How to Approach Skittish Bluefish

Motor up to these fish and you will certainly spook them. There really are only four options: You can hire a skiff guide to pole you to the fish. You can also stake out or motor up to the flat, drop anchor, and then wait for cruising fish to come to you. Unfortunately, they often don't come to you. The third option is to get within reach of the fish with an electric trolling motor, although that doesn't always work.

“Sometimes, particularly when there’s no wind, a trolling motor spooks them, Last, you can get out of the boat and wade. You lack the high vantage point, but when the blues are so shallow, and they are finning and pushing wakes, that matters little. Wading is the least intrusive approach, and it’s a lot of fun to stalk fish this way.

Blues on the flats are not always in a feeding mood, but they can be coaxed to strike a lure or fly. These fish may be unusually wary, and the sound of a lure hitting the surface is enough to scatter them, so stealth and accurate casting are essential.

What Bluefish Lures to Use on the Flats

“This isn’t a match-the-hatch situation because there is no hatch. Sure, there’s usually bait up on the flats, but it’s pretty clear that the bluefish aren’t interested. Nevertheless, these fish will strike if provoked.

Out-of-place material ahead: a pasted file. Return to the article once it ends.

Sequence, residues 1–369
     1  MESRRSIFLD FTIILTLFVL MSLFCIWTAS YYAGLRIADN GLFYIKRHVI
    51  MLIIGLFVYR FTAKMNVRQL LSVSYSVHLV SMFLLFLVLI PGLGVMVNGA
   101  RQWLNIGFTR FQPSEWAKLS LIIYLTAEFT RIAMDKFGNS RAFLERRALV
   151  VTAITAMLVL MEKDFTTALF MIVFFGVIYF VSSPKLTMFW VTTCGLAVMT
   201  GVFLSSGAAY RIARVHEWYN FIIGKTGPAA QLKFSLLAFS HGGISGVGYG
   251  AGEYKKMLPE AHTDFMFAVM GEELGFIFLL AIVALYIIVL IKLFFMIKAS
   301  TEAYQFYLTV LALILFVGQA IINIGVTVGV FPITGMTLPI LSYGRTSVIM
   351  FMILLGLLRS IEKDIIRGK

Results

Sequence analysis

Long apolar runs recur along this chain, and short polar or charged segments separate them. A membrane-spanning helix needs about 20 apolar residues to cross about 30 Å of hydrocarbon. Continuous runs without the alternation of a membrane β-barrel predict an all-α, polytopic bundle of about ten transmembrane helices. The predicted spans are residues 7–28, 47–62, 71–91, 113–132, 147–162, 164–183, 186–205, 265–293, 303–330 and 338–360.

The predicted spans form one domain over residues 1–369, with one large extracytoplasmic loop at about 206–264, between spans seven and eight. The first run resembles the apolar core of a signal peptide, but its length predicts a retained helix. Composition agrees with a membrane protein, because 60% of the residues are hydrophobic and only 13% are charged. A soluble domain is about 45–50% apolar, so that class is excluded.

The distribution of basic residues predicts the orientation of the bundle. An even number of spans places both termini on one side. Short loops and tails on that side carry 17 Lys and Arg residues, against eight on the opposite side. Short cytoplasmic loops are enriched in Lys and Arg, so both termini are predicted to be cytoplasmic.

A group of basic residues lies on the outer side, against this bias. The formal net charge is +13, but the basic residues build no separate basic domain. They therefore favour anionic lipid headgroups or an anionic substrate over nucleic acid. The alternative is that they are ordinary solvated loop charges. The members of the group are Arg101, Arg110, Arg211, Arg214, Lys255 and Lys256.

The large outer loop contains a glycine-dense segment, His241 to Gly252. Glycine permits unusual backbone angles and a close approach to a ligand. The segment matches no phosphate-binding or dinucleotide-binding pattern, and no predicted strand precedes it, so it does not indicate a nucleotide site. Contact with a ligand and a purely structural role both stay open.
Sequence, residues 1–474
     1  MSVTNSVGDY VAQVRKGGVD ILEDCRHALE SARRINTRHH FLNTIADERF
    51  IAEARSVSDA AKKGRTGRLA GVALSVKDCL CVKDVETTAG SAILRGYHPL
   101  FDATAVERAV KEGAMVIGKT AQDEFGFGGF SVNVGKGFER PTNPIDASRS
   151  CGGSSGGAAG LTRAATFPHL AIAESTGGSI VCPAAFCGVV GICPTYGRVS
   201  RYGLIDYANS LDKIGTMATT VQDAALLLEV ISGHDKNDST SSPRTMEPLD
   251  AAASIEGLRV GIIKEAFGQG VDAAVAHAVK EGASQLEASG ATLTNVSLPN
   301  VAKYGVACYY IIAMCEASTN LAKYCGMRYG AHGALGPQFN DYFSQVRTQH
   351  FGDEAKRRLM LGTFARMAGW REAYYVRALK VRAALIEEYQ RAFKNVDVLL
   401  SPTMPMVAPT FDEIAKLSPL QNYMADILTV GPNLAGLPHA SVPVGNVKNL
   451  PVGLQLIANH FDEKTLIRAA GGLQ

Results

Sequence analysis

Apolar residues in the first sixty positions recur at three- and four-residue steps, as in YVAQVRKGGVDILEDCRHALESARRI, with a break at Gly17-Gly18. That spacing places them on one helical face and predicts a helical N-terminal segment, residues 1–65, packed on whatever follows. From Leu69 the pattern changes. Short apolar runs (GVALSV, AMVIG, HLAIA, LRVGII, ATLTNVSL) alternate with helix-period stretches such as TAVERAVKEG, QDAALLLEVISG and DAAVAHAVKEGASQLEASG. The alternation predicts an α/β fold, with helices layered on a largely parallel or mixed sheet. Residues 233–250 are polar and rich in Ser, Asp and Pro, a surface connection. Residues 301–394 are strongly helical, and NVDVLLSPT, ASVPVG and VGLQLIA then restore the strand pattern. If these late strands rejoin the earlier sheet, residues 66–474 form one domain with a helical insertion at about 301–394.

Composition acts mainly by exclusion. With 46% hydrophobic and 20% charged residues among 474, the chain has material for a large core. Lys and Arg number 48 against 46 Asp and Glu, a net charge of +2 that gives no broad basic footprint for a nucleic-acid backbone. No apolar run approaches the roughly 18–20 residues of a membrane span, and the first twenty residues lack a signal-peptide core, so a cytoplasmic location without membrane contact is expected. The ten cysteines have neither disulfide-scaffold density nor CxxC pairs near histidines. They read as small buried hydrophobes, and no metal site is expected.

“What you really have to do is anticipate where they are going to be, Then cast in front of them and bring the lure right across their noses.” Still, in many cases, the fish ignore everything. “I’ve had guys throw perfect casts with plugs, soft plastics and flies, and bring them right across the fish’s path only to have them swim by without as much as a close look.” There’s one lure no bluefish can resist though: a popper. Even when they aren’t eating, a good noisy popper angers a bluefish enough to want to punish the lure. Poppers are great lures for bluefish and get their attention. Usually, at least one fish will break ranks, beeline for whatever that thing making all that noise in the water is, and smash it.